Age falls from Father Junipero. His eyes flash with the fire of youth. He demands the presence of the girl Anita and the Indian neophyte to whom she is betrothed. There, in the presence of the Commandante, he declares them espoused.

    "I suppose," says Rivera scornfully, "you think I am to be impressed with your mummery. Well, I tell you, Father Junipero, that it does not impress me to the least; I don't give that for it," snapping his fingers. "Bah! what do these Indians know about marriage, or care for it either. I am still here to demand the custody of this girl."

    Then Father Junipero rises again to his old stature and in a magnificent scene of wrath and powerful mastery threatens to call down the curse of the church upon the sacrilegious wretch, and excommunicating the Commandante and driving him from the Mission, as one of the other padres snatches the Commandante's sword and throws it after him.

    A charming incident next takes place. Father Junipero, shaken with the storm of righteous wrath he had just gone through, stands alone in the center of the stage. A tiny Indian maiden, about four years of age runs in and with the utmost confidence plucks at his robe and offers him a bouquet of wild flowers. As he does not notice her, she gives the cord of his robe a good shake and her little high voice is heard: "Padre, Padre mio." Slowly the old saint comes out of his reverie of wrath and takes the little one up in his arms, talking to her with the utmost tenderness and love.

    Little Paula is succeeded by the appearance of the impressive Indian figure, Capitajeno, chief of the Indians of Carmelo and Monterey, in feather bonnet and full regalia. Then follow the Indians of the Mission, bringing specimens of their handiwork for the delighted inspection of the visiting padres. There are baskets and blankets, and saddles studded with silver, the famous red roofing tiles, and many other samples of their arts and crafts.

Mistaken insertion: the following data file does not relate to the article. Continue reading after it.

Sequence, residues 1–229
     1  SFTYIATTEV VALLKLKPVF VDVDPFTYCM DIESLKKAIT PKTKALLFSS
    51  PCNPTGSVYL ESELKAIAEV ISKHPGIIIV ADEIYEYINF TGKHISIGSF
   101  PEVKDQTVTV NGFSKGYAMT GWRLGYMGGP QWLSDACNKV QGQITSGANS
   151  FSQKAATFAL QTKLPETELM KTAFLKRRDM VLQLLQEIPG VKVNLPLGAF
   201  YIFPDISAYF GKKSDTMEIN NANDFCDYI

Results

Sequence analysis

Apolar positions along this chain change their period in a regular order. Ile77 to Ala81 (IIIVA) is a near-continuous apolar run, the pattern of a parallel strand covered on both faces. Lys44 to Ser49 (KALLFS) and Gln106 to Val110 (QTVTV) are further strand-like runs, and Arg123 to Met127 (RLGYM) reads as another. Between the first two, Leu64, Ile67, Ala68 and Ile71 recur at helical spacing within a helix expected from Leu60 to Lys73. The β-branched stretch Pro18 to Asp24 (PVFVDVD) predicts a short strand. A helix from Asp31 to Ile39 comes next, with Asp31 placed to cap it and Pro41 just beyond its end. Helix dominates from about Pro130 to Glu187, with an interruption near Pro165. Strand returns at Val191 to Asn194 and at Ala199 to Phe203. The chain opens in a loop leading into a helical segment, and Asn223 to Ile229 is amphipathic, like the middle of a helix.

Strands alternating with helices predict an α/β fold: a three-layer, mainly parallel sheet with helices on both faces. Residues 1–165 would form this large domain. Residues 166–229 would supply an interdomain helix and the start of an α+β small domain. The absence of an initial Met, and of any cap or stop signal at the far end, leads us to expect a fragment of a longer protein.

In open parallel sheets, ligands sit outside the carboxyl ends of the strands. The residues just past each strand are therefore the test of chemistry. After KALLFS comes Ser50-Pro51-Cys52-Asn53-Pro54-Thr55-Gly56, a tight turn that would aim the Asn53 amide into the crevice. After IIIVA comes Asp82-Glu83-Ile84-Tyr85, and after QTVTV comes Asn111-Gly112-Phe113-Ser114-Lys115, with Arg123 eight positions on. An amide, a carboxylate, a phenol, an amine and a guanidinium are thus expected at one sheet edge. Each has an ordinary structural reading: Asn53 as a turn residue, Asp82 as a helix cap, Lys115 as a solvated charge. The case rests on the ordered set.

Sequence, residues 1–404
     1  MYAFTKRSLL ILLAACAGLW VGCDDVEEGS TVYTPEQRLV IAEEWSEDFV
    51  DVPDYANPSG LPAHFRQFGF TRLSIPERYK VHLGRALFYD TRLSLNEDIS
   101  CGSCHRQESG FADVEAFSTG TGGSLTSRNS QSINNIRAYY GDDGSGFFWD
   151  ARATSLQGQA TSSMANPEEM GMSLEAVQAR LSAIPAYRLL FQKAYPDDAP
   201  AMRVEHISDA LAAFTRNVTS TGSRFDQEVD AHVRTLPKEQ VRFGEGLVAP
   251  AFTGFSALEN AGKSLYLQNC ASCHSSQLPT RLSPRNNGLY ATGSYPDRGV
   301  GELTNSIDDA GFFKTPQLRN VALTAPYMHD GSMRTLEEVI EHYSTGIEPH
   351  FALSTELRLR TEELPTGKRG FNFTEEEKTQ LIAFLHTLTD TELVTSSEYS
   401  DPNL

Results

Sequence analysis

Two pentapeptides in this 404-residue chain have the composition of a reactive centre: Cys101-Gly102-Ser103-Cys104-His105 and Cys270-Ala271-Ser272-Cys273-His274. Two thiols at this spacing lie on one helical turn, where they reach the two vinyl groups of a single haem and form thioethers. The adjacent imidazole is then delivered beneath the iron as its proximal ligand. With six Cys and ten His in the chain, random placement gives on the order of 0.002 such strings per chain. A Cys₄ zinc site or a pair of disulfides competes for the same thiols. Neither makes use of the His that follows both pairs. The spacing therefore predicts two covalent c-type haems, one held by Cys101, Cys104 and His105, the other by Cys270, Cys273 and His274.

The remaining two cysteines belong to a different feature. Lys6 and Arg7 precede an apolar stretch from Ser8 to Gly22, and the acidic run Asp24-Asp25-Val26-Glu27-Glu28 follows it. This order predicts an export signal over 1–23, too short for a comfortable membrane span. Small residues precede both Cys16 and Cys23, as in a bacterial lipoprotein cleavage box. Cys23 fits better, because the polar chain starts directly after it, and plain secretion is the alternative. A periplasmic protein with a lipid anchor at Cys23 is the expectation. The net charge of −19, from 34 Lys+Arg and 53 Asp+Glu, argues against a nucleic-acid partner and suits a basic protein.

The Mission bells ring and a throng gathers for the Fiesta, but pauses for a moment of prayer, after which Serra says to them:

    "My children, in honor of our Father St. Francis these hours that remain before darkness shall be given over to innocent pastime. We must work and we must always pray, but it is permitted to us to enjoy ourselves in innocent pleasure. God grant happiness to all."

    Then comes the brilliant Fiesta scene. It is like the sudden blossoming of some gorgeous flower, the beauty of which assails one's senses. The color and life are intoxicating and nowhere outside a Latin land could such delirious action in dance and song, such allure of music, of gaiety and youth, of love and laughter, be found to make a holiday.

    The brilliant-hued gowns of the Spanish women, the picturesque Caballeros, the savage chiefs in full regalia, the bronze bodies of the Indian dancers, all add their barbaric color to the dazzling group in the patio of Mission San Carlos de Carmelo.

    The barbaric background of the early California asserts itself in a weird beating harmony played by Indian musicians, the Indians dancers bound upon the stage and begin their war dance, which never fails to thrill. Tom toms are stilled; the redmen relapse into unstudied immobility.

    Then, "El Sombrero Blanco! El Sombrero Blanco!" is echoed from joyous throats and the apotheosis of all this life and color is seen as lissome young couples make you rhythm-made with the melody and motion of the dance of the white hat—Father Serra's own dance, composed by him, tradition says, and handed down like the songs of Homer. "Quieres que te ponga mi sombrero blanco? Quieres que te ponga mi sombrero azul?"

    The words possess delicious humor and are sung by the pretty senoritas as they whirl through the measures.

    Comes a pause in this wild rush of rhythm; the haunting melody of "La Golondrina," the swallow with the broken wing, is sung while a guitar strums.

    Again, dance follows song, song follows dance. Margarita, Margarita with the castanets, Margarita with the merry feet, comes forward; there is a flutter of masculine hearts as she dances. Dulcet strains of La Paloma again bring forth the prima donna.

    "La Jota, La Jota," shout the revelers—presto, the tempo changes and a whirlwind of romance follows with the click of the castanets as Juanita Vigare and Juan Zarraquinos dance the closing number with laughing abandon.

    Sunset approaches, the sky reddens in glory, darkness falls—the Fiesta is over. The gay company leave the Mission patio. Someone begins to chant the evening hymn, which is taken up by many voices and finished. A love-lorn couple hang back. The church bell rings, the lights go out. The church door opens, a padre emerges, reading his breviary. Quickly the couple quit their cooing bench; the woman laughs a provocative laugh as she vanishes beyond the arches.

    For a moment, the Mission San Carlos de Carmelo stands in shadowy beauty in the moonlight, the sea and the white breakers seen rippling in silvery splendor through the arches of the patio.